Jane Goodall, one of the world’s most renowned primatologists, wrote an email on Tuesday to the director of the Cincinnati Zoo, saying she thought the slain gorilla may have been protecting the boy who fell into the animal’s exhibit.
The scientist and animal rights activist extended her sympathies to the zoo’s director, Thane Maynard, amid national backlash over the shooting death of a 17-year-old western lowland gorilla named Harambe.
“I tried to see exactly what was happening—it looked as though the gorilla was putting an arm round the child—like the female who rescued and returned the child from the Chicago exhibit,” she wrote, according to the correspondence the Jane Goodall Institute made public. Goodall may have been referring to the 1996 incident at the Brookfield Zoo in Illinois in which a female gorilla carried a boy to safety after he fell into her pit.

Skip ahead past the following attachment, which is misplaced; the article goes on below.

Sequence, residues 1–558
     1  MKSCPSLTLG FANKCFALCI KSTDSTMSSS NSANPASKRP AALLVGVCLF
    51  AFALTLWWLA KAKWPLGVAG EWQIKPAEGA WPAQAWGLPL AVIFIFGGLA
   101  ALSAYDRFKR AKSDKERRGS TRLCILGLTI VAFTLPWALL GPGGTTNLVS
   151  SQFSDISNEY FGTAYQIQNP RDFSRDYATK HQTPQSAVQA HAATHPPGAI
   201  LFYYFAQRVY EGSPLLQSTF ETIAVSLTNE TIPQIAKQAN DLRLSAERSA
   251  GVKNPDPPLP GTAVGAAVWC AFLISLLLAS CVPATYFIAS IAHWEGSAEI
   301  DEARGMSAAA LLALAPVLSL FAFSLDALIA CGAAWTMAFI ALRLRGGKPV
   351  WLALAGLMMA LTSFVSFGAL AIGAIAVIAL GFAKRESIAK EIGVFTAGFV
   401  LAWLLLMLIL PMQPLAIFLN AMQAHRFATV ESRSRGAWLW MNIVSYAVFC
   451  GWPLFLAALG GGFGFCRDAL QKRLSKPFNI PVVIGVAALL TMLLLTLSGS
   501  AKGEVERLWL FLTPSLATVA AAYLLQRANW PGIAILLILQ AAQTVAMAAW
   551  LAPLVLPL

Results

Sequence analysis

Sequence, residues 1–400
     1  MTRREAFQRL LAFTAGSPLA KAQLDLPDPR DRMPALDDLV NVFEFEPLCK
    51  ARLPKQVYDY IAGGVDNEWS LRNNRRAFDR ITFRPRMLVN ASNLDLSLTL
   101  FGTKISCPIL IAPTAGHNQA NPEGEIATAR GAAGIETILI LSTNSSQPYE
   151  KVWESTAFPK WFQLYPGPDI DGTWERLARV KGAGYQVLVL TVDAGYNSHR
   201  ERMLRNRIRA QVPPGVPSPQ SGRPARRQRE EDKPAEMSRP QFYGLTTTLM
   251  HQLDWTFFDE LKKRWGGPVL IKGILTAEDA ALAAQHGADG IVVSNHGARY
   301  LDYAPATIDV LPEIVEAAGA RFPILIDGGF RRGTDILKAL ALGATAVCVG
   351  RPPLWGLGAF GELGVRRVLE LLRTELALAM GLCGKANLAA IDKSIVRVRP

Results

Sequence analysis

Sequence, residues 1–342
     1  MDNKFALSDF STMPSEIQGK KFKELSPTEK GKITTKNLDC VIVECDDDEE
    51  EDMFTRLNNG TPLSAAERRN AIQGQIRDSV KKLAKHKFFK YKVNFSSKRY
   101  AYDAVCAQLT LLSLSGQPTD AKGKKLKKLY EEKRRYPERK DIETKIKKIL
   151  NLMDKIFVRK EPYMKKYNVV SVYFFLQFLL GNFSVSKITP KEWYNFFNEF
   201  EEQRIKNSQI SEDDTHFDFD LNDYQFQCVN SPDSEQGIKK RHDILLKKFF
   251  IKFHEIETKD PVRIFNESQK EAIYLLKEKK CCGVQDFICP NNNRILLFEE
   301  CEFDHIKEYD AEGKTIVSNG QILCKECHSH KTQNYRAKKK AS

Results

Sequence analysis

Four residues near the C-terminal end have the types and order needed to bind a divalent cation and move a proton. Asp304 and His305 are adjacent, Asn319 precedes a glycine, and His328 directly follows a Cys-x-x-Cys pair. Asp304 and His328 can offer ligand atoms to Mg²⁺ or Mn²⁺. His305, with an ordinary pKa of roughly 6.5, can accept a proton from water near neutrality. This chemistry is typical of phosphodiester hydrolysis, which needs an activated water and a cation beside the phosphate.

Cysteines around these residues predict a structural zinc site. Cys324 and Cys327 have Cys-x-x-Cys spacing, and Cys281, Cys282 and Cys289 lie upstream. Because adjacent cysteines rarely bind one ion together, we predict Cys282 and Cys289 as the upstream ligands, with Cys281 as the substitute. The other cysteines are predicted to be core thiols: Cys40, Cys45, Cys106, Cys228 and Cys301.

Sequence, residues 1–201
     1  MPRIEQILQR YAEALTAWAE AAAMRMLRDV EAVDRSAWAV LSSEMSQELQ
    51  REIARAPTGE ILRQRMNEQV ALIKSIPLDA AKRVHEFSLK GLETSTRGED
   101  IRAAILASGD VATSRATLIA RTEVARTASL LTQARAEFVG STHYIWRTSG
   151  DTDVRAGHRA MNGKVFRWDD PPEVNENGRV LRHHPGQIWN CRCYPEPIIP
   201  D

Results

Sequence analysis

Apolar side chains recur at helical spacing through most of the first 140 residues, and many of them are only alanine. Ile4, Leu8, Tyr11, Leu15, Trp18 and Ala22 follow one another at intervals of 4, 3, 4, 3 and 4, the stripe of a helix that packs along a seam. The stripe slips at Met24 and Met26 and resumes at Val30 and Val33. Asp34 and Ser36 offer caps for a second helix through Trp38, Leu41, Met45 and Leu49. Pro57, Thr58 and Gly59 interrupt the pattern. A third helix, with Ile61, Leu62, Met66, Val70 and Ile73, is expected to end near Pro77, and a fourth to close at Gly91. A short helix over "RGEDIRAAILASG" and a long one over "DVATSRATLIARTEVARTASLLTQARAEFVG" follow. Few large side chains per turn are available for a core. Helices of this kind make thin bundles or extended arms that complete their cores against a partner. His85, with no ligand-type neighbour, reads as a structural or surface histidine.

“Anyway, whatever, it is a devastating loss to the zoo, and to the gorillas,” Goodall wrote.
Harambe was shot dead after officials said he dragged around a three-year-old boy who fell into its enclosure on Saturday. Authorities are considering possible criminal charges, a prosecutor said Tuesday.
Goodall also asked how the two other female gorillas living with Harambe reacted to the death. “Are they allowed to see, and express grief, which seems to be so important?” she wrote.
“I feel so sorry for you, having to try to defend something which you may well disapprove of,” she added.
Goodall declined to comment further, a spokesman for the Jane Goodall Institute told TIME on Tuesday.
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